JM:  I think you make a valid point.  I hadn’t thought of it like that until you mentioned it.  At the same time though, Alan Moore definitely made quite a few of these characters better after he played with them. He created new worlds, new stories and fresh dialogue.  (I try to go back to read some of the dialogue of the comics of my youth and can barely get through a few pages before I wonder what I was thinking.)  Anyone who creates something feels a sense of ownership.  It’s like Krusty the Clown says in “Krusty Gets Kancelled”, “If this is anyone but Steve Allen, you’re stealing my bit.”  How many retellings of Hamlet, Romeo and Juliet, MacBeth or Othello have there been over the ages?  Or for more recent public domain works, A Christmas Carol or Emma?

I think Moore comes across as a crotchety old man who tells the kids to get off his lawn, but I think we all do that.  If I may extend the lawn analogy, what makes these characters popular is what he did to them, kind of like the weeding, fertilizing, watering and care that go into an old man’s fine lawn.  Before he took in the characters, they were mostly unrecognizable under the slew of ever-increasing publishing weeds overshadowing them.  (I may be overstating the lack of popularity of some these characters.)  If they were still in their old forms, they’d have less of a market and right now he’s probably fighting an uphill battle to get more money (or control if you want to call it by its more genteel name) for his contributions though he didn’t create the grass.  As I wrote this, I found myself thinking of Jerry Siegel and Joe Shuster.  They created Superman, but because they did it under contract for the longest time they and their estates didn’t get any of the royalties associated with it.  I’m sure Moore’s doing fine in comparison, but you still have to fight for what’s yours, even if you sound like Scrooge.

CB:  Thanks, Jason.  Next time maybe we’ll have to chat about Shawshank Redemption and The Green Mile.

What better way to celebrate borg.com’s 100,000th site visit than share some news about one of our favorite superheroes?  Hollywood writer Jason McClain alerted me to this news item, as it’s no secret I’m one of the biggest Green Arrow fans around.  The news?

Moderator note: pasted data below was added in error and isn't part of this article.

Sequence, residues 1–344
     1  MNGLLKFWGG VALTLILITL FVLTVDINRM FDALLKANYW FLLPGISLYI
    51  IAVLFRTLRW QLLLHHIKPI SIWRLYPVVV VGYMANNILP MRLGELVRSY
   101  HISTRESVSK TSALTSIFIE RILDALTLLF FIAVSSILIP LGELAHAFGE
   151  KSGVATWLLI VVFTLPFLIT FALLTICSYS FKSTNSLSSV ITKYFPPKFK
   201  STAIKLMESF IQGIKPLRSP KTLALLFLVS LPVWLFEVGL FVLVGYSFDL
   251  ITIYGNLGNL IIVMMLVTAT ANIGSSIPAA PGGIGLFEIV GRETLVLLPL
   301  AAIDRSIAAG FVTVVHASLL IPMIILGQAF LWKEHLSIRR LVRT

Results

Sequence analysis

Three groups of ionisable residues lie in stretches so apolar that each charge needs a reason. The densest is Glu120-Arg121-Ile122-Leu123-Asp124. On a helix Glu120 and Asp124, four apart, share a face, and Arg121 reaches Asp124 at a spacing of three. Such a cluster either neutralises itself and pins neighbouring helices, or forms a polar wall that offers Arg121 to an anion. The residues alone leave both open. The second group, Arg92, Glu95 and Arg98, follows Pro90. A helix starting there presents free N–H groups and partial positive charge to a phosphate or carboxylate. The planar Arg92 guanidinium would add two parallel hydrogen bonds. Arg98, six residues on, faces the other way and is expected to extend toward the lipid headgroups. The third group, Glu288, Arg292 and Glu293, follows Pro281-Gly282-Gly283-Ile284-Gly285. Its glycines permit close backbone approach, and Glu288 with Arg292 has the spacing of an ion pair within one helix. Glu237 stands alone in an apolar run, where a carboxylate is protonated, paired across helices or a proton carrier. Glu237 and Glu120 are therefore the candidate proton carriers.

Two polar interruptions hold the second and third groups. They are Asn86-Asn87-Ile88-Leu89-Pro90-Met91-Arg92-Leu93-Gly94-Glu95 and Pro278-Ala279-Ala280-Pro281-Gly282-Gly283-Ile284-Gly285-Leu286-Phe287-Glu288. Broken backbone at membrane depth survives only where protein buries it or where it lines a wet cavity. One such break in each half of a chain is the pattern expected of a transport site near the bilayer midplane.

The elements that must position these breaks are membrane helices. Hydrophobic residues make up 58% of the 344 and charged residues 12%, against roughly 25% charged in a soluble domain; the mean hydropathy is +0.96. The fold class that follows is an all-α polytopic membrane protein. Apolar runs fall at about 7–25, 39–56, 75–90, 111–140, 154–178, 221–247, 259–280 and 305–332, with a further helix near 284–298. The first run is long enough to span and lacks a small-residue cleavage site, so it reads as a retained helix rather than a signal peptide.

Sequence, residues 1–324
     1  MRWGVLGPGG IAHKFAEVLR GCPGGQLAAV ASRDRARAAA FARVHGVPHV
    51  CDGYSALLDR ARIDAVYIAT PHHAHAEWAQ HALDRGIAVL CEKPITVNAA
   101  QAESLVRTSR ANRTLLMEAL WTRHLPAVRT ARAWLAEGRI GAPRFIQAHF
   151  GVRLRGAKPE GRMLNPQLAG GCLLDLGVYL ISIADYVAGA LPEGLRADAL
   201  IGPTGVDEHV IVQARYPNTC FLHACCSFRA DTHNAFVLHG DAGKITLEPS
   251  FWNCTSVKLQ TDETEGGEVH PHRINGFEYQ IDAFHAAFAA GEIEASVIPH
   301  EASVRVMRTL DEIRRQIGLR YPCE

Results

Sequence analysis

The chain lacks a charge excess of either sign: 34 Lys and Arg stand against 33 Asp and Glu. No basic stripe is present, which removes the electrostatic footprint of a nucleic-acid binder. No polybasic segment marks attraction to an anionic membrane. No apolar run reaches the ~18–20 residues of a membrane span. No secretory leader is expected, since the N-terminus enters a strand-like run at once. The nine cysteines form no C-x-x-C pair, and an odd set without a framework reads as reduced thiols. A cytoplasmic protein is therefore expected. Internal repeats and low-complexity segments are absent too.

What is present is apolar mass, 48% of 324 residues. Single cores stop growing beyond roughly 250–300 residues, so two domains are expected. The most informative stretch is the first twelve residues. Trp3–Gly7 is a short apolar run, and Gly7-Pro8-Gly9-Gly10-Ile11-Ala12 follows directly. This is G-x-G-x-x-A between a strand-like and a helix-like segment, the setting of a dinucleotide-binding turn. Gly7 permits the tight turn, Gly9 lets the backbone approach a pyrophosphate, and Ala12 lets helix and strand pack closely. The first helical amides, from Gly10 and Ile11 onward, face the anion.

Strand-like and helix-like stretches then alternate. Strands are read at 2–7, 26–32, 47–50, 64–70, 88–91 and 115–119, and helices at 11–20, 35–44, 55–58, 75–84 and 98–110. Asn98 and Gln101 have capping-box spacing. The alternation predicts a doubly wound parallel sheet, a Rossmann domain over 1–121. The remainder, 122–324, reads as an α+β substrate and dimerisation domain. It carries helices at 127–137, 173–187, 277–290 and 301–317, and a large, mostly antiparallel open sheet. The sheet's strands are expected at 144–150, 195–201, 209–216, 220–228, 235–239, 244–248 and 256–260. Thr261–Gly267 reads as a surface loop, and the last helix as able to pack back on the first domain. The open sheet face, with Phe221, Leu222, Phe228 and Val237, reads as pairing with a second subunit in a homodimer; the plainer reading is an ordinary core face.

The CW Network has ordered a TV series pilot featuring Green Arrow that will, happily, not be related to the Smallville series’ spin on the character.  The producer/writers tapped to create the pilot are Greg Berlanti and Marc Guggenheim, the two writers responsible for last year’s Green Lantern movie, and ex-writer for the Green Arrow/Black Canary comic book series, Andrew Kreisberg.

Kreisberg took over the comic book series after Judd Winick moved off the GA/BC title.  He teamed with artist Mike Norton after Cliff Chiang left the series.  I have read Kreisberg’s take on Green Arrow and Black Canary, and I liked it.  Kreisberg wrote some good modern stories featuring the trio in both a lighthearted and action-packed way.  He clearly knows the roots of these characters and their strong relationships with each other, and hopefully he can convey that into the script for the pilot and get it onto the small screen.  He also once acknowledged that there is no other superhero team out there that is a married couple, that that IS Green Arrow’s story.  Right on!

Here are some unsolicited recommendations for Kreisberg, Berlanti and Guggenheim to make the series get off the ground right:

(1)  You might view your TV show as an ensemble show like Buffy the Vampire Slayer.  An ensemble genre work usually is better than a solo character-focused show (think about the failed series The Cape and why it didn’t work, for example) because although we all loved the title character of Buffy Summers, we loved supporting characters Willow and Xander even more.  And like the best Batman stories, letting the lead hero take the back seat once in a while is a good thing.  At the same time, I didn’t watch Smallville because Clark never donned the supersuit.  Show Green Arrow in action with the bow once in a while, but just not in every scene.